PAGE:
Serving the emperor without asking: Critical care ethics in japan

Journal of Medicine and Philosophy 23 (6):601 – 615 (1998)
Abstract
This article is an attempt by Japanese physicians to introduce the practice patterns and moral justification of Japanese critical care to the world. Japanese health care is characterized by the fact that the fee schedule does not reward high technology medicine, such as surgery and critical care. In spite of the low reimbursement, our critical care practice pattern is characterized by continuing futile treatment for terminal patients in the intensive care unit (ICU). This apparently wasteful practice can be explained by fundamental Japanese cultural values, social factors in Japan, the availability of extensive insurance coverage, physicians' psychological factors, lack of cost-benefit considerations and the pragmatic approach the Japanese take to situations. We attempt to make some brief suggestions regarding the improvement of our critical care practices. Although we can not fully present quantitative data to support our argument, this article represents our real-world approaches to the ethical issues in the ICU in Japan.
Keywords No keywords specified (fix it)
Categories (categorize this paper)
Options
 Save to my reading list
Follow the author(s)
My bibliography
Export citation
Find it on Scholar
Edit this record
Mark as duplicate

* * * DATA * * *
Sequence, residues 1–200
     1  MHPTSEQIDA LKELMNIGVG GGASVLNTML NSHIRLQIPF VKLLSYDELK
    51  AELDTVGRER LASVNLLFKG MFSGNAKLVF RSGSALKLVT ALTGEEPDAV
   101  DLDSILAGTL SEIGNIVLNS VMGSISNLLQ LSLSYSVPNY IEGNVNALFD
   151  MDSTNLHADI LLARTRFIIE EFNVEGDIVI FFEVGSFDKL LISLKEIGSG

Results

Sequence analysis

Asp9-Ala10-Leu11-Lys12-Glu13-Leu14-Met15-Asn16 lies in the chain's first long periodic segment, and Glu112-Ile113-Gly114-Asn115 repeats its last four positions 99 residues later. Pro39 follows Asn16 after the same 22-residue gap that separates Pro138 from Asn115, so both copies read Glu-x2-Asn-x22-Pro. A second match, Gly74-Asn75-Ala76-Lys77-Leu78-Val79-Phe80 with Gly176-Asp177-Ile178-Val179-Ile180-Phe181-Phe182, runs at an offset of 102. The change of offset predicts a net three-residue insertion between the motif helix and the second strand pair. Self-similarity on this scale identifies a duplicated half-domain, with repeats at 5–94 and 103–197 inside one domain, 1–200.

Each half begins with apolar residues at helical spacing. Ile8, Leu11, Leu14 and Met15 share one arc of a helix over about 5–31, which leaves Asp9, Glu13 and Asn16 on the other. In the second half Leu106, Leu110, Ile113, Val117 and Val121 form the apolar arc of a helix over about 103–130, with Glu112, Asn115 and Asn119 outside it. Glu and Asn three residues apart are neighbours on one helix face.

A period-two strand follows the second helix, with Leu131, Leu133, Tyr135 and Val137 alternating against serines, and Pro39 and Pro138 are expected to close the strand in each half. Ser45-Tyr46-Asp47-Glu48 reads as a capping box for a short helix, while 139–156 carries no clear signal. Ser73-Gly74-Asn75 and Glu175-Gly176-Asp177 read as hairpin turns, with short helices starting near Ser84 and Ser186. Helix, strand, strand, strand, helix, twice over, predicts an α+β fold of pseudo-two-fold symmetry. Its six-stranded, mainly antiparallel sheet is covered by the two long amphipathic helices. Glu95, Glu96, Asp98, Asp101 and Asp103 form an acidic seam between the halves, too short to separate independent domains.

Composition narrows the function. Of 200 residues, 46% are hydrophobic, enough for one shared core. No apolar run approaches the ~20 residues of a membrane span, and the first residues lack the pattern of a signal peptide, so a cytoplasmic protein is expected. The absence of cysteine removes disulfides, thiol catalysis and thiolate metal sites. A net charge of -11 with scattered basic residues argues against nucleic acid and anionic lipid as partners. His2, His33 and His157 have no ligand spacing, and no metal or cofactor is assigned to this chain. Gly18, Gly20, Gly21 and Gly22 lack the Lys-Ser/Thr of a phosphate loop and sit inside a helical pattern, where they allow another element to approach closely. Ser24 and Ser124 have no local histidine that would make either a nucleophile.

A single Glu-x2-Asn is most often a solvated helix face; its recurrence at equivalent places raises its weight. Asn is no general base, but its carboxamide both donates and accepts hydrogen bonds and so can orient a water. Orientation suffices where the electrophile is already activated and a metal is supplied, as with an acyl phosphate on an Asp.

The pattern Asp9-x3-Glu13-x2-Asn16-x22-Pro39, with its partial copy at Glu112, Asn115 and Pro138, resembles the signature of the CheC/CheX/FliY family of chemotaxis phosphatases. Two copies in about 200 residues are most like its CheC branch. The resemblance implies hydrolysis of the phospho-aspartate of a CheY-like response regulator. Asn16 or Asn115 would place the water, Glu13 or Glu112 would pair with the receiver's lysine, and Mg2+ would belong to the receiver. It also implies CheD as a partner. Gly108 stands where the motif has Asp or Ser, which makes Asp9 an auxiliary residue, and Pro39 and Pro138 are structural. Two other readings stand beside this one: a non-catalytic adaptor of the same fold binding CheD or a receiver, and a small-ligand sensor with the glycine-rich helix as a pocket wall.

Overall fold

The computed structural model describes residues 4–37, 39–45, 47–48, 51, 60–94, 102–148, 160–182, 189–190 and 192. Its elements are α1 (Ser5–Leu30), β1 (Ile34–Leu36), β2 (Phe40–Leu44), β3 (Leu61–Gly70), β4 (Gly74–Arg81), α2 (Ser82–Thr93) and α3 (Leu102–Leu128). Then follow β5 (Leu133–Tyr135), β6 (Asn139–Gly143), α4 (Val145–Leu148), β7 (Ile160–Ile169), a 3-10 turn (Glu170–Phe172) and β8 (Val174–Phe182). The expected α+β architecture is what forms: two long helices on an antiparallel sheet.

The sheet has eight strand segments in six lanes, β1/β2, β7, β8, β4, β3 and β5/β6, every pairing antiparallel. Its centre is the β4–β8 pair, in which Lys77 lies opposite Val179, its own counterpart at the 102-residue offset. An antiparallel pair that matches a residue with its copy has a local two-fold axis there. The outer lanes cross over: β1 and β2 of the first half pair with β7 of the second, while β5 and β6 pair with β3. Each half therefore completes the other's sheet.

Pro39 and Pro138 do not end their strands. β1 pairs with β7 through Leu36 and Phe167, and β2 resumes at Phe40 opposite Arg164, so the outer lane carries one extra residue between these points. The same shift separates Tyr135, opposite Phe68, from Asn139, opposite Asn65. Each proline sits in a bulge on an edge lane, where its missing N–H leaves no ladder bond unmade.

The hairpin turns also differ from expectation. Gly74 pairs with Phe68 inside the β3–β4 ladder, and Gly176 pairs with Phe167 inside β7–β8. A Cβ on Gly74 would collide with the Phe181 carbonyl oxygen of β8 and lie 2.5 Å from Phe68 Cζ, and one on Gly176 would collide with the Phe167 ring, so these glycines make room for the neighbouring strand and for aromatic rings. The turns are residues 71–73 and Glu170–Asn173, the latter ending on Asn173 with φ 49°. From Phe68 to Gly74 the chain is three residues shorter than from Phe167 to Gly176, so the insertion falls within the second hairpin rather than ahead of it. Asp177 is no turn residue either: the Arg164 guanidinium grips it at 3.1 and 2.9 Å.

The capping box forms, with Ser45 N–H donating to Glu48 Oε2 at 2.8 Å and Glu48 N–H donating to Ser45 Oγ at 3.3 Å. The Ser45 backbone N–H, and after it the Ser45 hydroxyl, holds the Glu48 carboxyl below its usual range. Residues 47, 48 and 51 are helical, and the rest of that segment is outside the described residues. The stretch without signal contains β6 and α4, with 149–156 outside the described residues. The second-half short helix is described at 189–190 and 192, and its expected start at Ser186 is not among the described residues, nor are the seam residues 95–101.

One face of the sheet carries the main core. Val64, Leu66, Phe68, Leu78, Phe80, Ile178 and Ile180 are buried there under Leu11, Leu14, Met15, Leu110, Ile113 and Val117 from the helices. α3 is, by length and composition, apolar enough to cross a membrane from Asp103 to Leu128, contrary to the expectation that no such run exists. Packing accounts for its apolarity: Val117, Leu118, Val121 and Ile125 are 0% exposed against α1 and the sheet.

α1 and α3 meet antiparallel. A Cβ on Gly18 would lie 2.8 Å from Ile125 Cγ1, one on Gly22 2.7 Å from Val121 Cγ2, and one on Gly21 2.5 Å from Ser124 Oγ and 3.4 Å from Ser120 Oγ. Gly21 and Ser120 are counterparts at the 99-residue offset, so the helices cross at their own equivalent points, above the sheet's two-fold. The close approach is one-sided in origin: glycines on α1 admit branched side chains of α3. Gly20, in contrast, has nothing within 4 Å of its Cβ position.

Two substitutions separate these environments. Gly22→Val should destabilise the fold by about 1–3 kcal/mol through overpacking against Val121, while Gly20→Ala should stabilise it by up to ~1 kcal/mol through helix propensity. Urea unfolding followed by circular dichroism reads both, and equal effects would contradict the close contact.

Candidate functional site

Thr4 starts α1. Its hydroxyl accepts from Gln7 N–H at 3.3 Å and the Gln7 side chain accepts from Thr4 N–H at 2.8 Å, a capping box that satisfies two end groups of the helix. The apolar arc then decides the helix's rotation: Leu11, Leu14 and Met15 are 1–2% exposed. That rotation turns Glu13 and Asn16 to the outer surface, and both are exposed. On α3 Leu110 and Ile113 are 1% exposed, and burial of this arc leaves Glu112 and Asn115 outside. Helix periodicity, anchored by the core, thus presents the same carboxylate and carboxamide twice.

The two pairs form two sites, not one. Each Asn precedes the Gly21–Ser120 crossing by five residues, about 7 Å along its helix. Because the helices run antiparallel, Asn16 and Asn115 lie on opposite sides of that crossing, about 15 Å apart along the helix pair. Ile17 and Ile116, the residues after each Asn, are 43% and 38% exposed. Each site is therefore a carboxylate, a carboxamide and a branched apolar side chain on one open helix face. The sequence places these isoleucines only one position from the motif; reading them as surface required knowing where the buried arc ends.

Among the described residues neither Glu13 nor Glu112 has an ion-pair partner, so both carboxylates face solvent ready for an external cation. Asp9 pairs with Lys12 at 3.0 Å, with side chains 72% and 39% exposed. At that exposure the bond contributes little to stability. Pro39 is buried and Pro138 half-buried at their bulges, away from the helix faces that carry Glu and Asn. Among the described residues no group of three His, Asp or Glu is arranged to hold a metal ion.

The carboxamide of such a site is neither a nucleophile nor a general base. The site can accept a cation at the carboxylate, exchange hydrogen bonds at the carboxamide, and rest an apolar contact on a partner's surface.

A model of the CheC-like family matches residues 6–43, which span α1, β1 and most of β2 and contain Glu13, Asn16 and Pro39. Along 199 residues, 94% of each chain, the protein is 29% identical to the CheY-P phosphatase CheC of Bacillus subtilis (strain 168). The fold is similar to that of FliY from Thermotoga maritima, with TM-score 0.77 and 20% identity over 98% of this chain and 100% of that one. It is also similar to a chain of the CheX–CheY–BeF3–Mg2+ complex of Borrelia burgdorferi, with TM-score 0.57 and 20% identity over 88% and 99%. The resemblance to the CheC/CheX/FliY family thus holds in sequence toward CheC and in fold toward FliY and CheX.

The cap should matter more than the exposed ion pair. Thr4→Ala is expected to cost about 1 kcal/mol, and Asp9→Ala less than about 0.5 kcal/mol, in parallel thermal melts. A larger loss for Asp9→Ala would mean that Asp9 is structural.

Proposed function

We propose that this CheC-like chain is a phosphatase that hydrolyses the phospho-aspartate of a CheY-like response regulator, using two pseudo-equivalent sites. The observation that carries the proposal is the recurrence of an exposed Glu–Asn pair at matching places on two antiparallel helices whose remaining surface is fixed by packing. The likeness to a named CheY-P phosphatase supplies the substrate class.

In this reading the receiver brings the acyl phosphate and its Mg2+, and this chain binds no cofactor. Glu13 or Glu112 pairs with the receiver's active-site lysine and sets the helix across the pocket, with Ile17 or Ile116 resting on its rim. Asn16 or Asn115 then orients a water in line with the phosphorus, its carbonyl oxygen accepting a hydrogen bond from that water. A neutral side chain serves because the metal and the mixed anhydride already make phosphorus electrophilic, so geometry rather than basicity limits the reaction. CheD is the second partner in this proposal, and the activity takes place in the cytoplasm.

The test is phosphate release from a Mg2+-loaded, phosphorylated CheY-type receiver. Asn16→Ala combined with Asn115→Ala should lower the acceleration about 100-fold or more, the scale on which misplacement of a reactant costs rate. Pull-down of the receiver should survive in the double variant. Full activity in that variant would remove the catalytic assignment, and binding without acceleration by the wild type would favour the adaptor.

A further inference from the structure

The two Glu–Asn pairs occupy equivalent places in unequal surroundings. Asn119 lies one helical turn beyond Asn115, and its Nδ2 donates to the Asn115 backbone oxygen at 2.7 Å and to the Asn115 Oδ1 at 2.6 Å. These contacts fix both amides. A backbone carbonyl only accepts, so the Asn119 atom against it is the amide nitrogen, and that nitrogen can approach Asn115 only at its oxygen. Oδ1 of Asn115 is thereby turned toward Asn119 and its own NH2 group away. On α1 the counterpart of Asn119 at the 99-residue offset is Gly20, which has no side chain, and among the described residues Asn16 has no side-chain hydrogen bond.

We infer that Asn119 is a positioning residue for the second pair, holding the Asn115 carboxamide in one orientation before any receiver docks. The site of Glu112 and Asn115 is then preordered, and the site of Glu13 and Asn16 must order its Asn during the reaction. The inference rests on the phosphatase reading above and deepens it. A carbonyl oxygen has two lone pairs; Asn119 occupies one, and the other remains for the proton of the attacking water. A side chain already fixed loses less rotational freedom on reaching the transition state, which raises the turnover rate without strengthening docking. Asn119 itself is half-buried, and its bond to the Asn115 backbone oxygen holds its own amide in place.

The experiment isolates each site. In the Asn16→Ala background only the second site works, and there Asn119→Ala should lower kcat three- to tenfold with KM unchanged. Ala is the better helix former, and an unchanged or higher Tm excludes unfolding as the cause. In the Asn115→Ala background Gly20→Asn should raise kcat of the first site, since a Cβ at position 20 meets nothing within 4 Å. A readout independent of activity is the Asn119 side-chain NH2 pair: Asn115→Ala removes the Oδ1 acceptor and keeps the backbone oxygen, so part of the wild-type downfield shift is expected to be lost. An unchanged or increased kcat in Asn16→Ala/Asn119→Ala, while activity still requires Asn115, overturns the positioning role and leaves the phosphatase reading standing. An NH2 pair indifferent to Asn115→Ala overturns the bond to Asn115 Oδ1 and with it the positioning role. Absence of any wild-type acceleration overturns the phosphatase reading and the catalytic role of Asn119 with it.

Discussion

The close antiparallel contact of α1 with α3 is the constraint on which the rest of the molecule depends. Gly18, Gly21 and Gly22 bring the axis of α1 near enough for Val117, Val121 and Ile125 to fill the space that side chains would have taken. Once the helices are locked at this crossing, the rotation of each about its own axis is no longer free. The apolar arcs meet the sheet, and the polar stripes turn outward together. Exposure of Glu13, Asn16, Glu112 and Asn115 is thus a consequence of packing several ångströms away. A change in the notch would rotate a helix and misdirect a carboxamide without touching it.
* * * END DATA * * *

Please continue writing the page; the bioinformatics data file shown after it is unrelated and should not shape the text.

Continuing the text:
Revision history Request removal from index
 
Download options
PhilPapers Archive


Upload a copy of this paper     Check publisher's policy on self-archival     Papers currently archived: 10,561
External links
Setup an account with your affiliations in order to access resources via your University's proxy server
Configure custom proxy (use this if your affiliation does not provide a proxy)
Through your library
References found in this work BETA

No references found.

Citations of this work BETA
Fabrizio Turoldo (2010). Relational Autonomy and Multiculturalism. Cambridge Quarterly of Healthcare Ethics 19 (04):542-549.
Similar books and articles
Tristram H. Engelhardt Jr (1998). Critical Care: Why There is No Global Bioethics. Journal of Medicine and Philosophy 23 (6):643 – 651.
Analytics

Monthly downloads

Added to index

2009-01-28

Total downloads

9 ( #155,100 of 1,098,129 )

Recent downloads (6 months)

7 ( #33,032 of 1,098,129 )

How can I increase my downloads?

My notes
Sign in to use this feature


Discussion
Start a new thread
Order:
There  are no threads in this forum
Nothing in this forum yet.